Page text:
African Steamship Co., and a large number
of visitors from the United Kingdom, as well
as from the West Coast, spend the winter and
spring in the island, the climate of which is
drier than that of Madeira.

From Grand Canary to Sierra Leone the
West African steamers take about six days.
As one approaches the coast the air becomes
humid and heavy, and the change from the
drier climate of the north-east trades is a little
depressing. Passing up the broad estuary of
the Sierra Leone river, the boats hug the



LIVERPOOL TO FREETOWN 5

southern shore, and afford an excellent view
of the towns and country which make up the
little colony of Sierra Leone. Whatever may
be said against the country from other points
of view, the severest critic cannot find a word
to say against its beauty as viewed from the
deck of a steamer. Freetown, with its out-
lying villages, nestling amongst vegetation rich,
varied, and luxuriant, backed by the forest-
clad Lion mountains and faced by the distant
low, palm -fringed Bullom shore, makes a
charming picture, one difficult to reproduce,
but not easy to forget. The place does not
improve on closer acquaintance. The town
is poorly built, and not worthy of the position
a place of its importance should occupy. The
only respectable buildings are Government
House on Tower Hill, and just above it the
barracks of half a battalion of the West India
regiment, to which is attached a very good
swimming bath. The height of this position
is 300 feet above the sea. At a height of
800 feet are some new barracks on Mount
Auriol for the other half battalion, and still



6 THE NIGER SOURCES

higher up, 1500 feet above sea level, is a
sanatorium. Fruit, vegetables, and fish are
plentiful in the town, but of cows in a public
capacity nothing is known, and I could hear
of but one horse in the place. The milkman
to the colony is Switzerland, and the butterman
Denmark.

Whether it is due to want of enterprise that
horses and cows are not to be found about
Freetown, or whether it is the case, as I have
heard stated, that they cannot exist in the
place, I am not in a position to decide. It
cannot, however, be due to want of forage,
for both grain and herbage are abundant, and
if it is due to climate, the conditions peculiar
to Freetown must be limited to the actual
coast line, for cows are to be met with a very
few miles inland in country which, as regards
climate, belongs to the coast region.

In and about Freetown no roads exist in
the meaning of the word as understood in
Europe. The streets are broad, but they are
merely unlevel green expanses, with foot-tracks
running across them. Road ballasting, road



LIVERPOOL TO FREETOWN 7

drainage, and road levelling are expressions
unknown in a land where the wheel has not
yet been introduced in any form.

The shops of Freetown are less imposing
than those of European capitals, though they
follow the modern practice in that the small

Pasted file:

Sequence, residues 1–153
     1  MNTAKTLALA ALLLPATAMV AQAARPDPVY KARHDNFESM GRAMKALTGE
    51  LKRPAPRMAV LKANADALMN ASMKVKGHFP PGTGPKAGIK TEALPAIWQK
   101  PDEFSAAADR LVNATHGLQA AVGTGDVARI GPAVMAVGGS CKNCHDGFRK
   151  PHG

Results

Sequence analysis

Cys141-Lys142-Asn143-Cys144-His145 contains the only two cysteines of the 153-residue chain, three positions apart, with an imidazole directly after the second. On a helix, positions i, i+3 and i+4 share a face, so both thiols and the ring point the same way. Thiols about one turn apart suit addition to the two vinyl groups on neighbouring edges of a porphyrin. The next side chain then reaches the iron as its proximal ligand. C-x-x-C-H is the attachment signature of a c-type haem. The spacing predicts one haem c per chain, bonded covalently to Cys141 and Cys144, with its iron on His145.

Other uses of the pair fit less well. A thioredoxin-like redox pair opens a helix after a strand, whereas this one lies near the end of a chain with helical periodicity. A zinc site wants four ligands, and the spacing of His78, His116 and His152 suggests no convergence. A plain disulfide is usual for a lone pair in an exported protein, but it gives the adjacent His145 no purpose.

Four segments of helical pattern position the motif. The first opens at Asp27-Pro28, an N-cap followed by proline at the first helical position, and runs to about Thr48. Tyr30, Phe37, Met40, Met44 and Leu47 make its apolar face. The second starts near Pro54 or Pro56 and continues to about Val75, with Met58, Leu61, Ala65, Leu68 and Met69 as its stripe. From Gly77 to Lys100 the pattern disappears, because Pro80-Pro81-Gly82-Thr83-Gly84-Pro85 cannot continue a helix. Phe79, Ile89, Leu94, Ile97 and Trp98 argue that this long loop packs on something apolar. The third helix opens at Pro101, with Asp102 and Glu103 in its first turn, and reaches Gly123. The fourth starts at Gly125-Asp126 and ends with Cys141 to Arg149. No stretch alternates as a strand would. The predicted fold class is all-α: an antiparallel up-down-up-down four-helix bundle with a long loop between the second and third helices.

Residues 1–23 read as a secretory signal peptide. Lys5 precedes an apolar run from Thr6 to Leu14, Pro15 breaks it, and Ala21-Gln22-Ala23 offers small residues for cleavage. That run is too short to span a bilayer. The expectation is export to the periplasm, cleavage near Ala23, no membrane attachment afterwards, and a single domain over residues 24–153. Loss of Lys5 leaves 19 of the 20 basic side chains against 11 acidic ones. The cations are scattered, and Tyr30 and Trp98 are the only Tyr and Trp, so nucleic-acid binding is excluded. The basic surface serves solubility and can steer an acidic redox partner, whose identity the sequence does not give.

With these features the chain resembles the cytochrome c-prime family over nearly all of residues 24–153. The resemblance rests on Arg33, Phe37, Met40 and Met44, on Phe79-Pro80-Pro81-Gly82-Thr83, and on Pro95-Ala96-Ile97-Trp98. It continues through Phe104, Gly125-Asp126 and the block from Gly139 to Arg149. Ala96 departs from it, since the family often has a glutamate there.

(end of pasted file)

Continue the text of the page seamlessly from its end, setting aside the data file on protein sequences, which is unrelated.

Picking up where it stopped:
tradesman is swamped by the big trading
company. They apparently do not seek to
entice the passer-by by a meretricious display
of their most captivating wares, and an adver-
tisement of their cheapest prices ; but the
would-be purchaser enters unsolicited a large
galvanized iron barn, where the obliging coun-
terman hands him anything he asks for, from
a pair of trousers to a tomahawk, whilst around
him crowds of natives, in every costume and
of every colour, are chattering, bargaining, and
laughing over their purchases. Singularly
enough the leading shop of Freetown is that
of a French Company (Compagnie Franpaise
de P Afrique Occidentale], which has trading
stations all along the West Coast, and which
is much patronized by British residents in
Sierra Leone. This establishment has been



8 THE NIGER SOURCES

carried on with success whilst many British
companies have failed to do sufficient paying
business, and have disappeared one after an-
other. There are, however, still one or two
British companies in the place which combine
trading with other business, and being backed
by men of large capital and influence, continue
to make their way.

The buildings in the town of Freetown are
one and all bad, not only from the artistic but
even more from the sanitary point of view,
and they are singularly destitute of anything
which can contribute to comfort or conven-
ience. The town is very badly lighted with
oil lamps, which at best do no more than
illuminate the lamp post which supports them,
and a stranger visiting the town on a dark
night may consider himself fortunate if he
does not explore the bottom of many pitfalls.
But the town is now a municipality, and it
may be hoped that in a few years' time it will
see many improvements inaugurated.

What specially strikes the casual visitor to
Freetown is the complete absence of any form



LIVERPOOL TO FREETOWN 9

of organized amusement or recreation amongst
the British residents, and of any common